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Survivor Profiles: Janine Oberrottman

Those who died will be remembered and accounted for not only in the artifacts, the art, the library, but in the heart of its most dedicated and competent staffers I have ever encountered in any organization and in the enthusiasm of its army of volunteers... The legacy will live and go forth not only within the walls of the Museum and in its many programs but, hopefully, in the hearts and minds of the young and the old who will visit it, who will remember and, hopefully, use their knowledge in Tikkun Olam.

Janine Oberrottman

Her Story:

In 1925, Janine Oberrotman was born Janina Binder in Lvov, Poland. She was an only child. In 1941, at fifteen years old, Janine and her family were forced to move into the ghetto. While in the ghetto, Janine’s father was caught stealing potatoes and was deported to Janowska Concentration Camp, where he was killed. Janine was able to escape to her Aunt Wanda’s house in a nearby town. After using papers obtained from her non-Jewish friend, Janine was able to travel to Ponikwa, where her maternal uncle and grandmother were hiding as Christians. Janine’s mother died during the liquidation of the Lvov ghetto. In 1944, Janine was arrested on suspicion of being Jewish. The Gestapo lacked evidence of her origins and she was sent to Stuggart as a Polish forced laborer. She spent the rest of the war pretending to be Catholic and was liberated by the French army in Spring 1945. Janine met fellow Survivor Joseph Oberrotman, and they married in 1950. Janine, her husband, and her first son moved to the United States where they settled in Chicago. The family had two more sons, and Janine raised her family and tutored French.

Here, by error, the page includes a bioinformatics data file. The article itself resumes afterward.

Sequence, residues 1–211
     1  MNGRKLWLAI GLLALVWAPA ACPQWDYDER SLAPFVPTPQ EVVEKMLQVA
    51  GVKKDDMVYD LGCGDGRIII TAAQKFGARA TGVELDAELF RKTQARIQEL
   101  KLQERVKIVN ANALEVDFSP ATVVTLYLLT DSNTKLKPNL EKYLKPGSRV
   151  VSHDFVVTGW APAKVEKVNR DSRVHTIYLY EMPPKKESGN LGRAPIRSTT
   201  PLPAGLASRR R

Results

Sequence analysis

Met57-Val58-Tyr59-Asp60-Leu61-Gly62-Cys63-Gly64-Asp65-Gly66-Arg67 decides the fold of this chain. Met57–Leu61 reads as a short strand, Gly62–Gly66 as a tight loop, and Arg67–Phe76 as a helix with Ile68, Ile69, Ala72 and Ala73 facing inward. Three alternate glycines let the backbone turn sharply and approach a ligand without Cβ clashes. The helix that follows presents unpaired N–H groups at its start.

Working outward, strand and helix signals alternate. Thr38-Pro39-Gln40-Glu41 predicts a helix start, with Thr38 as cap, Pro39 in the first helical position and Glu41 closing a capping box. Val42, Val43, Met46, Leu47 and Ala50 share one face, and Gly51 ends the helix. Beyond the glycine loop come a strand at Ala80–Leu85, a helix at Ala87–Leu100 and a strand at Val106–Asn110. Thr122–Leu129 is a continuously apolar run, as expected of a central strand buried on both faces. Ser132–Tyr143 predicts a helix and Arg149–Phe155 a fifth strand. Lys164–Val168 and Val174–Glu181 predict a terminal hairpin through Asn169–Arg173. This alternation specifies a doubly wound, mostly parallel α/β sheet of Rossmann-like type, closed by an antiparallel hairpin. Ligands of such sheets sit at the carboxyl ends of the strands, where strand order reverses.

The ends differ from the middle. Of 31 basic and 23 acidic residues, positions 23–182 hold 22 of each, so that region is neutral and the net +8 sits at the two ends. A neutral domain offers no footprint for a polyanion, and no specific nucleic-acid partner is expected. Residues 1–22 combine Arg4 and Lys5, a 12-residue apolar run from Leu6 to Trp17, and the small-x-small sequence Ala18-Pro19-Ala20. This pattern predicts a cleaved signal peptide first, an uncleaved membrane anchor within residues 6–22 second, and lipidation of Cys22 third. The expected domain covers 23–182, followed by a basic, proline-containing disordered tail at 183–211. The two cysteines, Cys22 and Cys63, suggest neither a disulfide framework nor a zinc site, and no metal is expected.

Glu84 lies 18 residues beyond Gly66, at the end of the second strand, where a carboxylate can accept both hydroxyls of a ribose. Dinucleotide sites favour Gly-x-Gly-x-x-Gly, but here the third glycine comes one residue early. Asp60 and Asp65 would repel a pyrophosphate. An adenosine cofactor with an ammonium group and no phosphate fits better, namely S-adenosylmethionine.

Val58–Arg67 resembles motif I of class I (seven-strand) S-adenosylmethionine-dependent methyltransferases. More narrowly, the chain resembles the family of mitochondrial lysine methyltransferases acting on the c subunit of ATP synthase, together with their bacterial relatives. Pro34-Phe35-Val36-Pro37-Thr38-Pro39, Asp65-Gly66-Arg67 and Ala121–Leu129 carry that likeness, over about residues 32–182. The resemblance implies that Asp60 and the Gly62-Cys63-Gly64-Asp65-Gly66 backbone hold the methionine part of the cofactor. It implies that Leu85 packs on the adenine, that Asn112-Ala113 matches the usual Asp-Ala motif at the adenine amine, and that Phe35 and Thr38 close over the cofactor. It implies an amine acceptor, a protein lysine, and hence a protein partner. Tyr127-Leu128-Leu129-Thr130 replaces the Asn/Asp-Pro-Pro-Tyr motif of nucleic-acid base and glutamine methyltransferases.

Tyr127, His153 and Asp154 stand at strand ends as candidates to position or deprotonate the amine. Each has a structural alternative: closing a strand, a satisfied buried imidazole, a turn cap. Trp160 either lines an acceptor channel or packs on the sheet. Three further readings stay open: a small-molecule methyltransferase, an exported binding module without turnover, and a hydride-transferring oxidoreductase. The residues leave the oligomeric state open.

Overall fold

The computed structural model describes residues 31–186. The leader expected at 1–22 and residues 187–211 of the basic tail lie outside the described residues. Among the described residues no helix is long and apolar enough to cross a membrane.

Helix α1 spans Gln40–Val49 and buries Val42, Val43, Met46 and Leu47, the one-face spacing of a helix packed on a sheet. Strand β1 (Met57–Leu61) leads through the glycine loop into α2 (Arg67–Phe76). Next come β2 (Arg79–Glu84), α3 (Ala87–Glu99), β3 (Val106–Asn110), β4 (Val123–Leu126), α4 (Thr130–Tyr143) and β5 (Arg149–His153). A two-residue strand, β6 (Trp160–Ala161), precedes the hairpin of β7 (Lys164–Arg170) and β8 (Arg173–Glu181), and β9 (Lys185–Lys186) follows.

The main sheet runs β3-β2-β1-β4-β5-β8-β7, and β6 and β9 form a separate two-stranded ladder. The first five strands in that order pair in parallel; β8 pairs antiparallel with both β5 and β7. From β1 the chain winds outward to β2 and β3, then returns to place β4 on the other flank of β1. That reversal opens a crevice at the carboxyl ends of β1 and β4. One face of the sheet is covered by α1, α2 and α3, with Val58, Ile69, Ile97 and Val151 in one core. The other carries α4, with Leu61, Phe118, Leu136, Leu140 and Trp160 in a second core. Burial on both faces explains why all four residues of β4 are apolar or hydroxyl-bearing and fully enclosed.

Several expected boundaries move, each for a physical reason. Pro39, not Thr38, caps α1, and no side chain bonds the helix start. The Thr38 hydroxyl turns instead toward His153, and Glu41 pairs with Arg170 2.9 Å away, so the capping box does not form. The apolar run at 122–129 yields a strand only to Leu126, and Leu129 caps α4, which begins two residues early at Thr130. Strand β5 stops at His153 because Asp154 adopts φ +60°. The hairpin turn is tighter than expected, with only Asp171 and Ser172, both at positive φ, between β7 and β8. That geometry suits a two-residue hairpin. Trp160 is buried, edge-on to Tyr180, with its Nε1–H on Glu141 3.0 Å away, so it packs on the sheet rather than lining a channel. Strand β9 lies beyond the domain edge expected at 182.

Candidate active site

Learn More:

Janine’s Story: How I Survived the Holocaust USHMM testimony part 1 USHMM testimony part 2

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